Bill Gates, supports the adaption of Genetically Modified Organisms (GMO), an issue that has brought a heated debate in Kenya where the government is importing GMO maize to curb the ongoing food crisis and looming starvation.
Trade Cabinet Secretary Moses Kuria on Thursday announced the government had finally decided to allow the duty-free importation of 10 million bags of GMO maize over the next six months.
Over four million Kenyans including1.4 million children have reduced access to nutritious food and safe drinking water, according to UNICE owing to the fifth season of failed rains in Kenya.
The hardest hit are pastoralist areas which re facing severe hunger due to persistent drought and attendant food shortage and “we have decided to allow the importation of GMO maize into the country until the food situation improves,” said CS Kuria who had the backing of President William Ruto.
The President had earlier explained that the government had considered expert opinion from scientists over the suitability and safety of GMOs before lifting the ban as part of medium and long-term response to food insecurity.
Gates, who was engaging the media at the University of Nairobi said GMO is more productive and is disease resistant and “99.9 per cent of crops in West are GMO. Every piece of bread I have ever eaten is from GMO-modified wheat. Every piece of corn I have also eaten is GMO corn, products that are proven.”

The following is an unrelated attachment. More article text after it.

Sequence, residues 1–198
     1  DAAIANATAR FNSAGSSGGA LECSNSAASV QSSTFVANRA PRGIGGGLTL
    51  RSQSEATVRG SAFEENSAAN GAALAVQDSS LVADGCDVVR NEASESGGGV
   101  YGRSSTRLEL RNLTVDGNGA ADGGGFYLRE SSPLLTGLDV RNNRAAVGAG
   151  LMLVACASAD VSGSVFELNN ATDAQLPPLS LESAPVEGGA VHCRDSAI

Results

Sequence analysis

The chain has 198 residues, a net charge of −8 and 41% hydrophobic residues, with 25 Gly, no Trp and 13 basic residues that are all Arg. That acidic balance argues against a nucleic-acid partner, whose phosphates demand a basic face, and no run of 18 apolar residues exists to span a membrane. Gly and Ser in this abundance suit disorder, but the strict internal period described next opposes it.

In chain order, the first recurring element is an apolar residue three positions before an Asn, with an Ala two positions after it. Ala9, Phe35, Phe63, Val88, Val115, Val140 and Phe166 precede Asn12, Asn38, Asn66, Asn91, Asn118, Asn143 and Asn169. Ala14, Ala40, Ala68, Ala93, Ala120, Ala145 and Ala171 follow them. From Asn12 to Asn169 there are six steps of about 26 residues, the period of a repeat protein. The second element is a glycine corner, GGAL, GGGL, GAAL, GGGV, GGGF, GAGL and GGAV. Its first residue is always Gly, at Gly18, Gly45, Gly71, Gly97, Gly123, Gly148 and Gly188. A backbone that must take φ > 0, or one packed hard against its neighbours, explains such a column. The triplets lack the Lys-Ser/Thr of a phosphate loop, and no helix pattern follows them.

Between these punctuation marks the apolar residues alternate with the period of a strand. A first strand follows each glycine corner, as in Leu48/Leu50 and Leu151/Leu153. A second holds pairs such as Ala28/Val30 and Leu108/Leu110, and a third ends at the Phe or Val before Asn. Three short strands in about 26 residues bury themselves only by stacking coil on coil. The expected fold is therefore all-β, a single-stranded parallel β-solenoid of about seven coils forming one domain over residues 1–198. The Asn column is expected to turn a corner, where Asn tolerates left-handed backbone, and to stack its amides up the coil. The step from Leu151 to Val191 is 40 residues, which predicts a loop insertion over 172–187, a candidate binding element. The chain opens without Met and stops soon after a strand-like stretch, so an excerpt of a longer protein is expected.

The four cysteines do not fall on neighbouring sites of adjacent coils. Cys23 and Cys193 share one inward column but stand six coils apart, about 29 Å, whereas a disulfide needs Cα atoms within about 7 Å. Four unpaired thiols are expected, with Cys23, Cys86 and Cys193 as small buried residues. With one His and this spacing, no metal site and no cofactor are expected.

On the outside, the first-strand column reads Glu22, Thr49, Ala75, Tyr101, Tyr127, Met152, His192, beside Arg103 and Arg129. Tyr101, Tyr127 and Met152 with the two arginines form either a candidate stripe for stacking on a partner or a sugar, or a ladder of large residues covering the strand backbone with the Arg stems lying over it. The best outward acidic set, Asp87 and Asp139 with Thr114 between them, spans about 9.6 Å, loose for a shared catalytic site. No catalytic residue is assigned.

the software developer and philanthropist said children and women bore the brunt of erratic weather patterns and climate change which have adverse effects on food production, greatly affecting their growth.
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“In Africa, over 30 per cent of children, when they grow up because of food deficit, their mental and physical capabilities is affected,” said Gates.
Malnutrition also destroys the immune system, predisposing an individual to various diseases, and deaths.
As mitigation to food insecurity, Gates said the Bill and Melinda Gates Foundation is working with researchers on drought and disease-resistant seed varieties besides appropriate technology.
The Foundation, for instance, funded the Water Efficient Maize for Africa (WEMA) which was launched in 2008 to manage risk of drought, resulting into an increase of maize yields to about 24 to 35 per cent.
The maize variety is drought and insect-pest-resistant and is developed by use of conventional breeding, marker-assisted breeding and biotechnology, especially if the youth were encouraged to use technology to find solutions in agriculture.
“Wema in Africa is a successful project under drought conditions. Productivity is about 30 per cent higher. This is beneficial for farmers,” said Gates.
Gates said maize productivity in Kenya is low, an issue that needs to be addressed through adaptation on technology in farming besides the government helping small-scale farmers access credit and adapt water storage technology to boost productivity.
“In Western countries, there is fertilizer, and irrigation used to boost production unlike in Kenya,” said Gates who attributed low productivity to weather changes in dry areas “farmers may be encouraged to switch to maize or sorghum that stands heat.”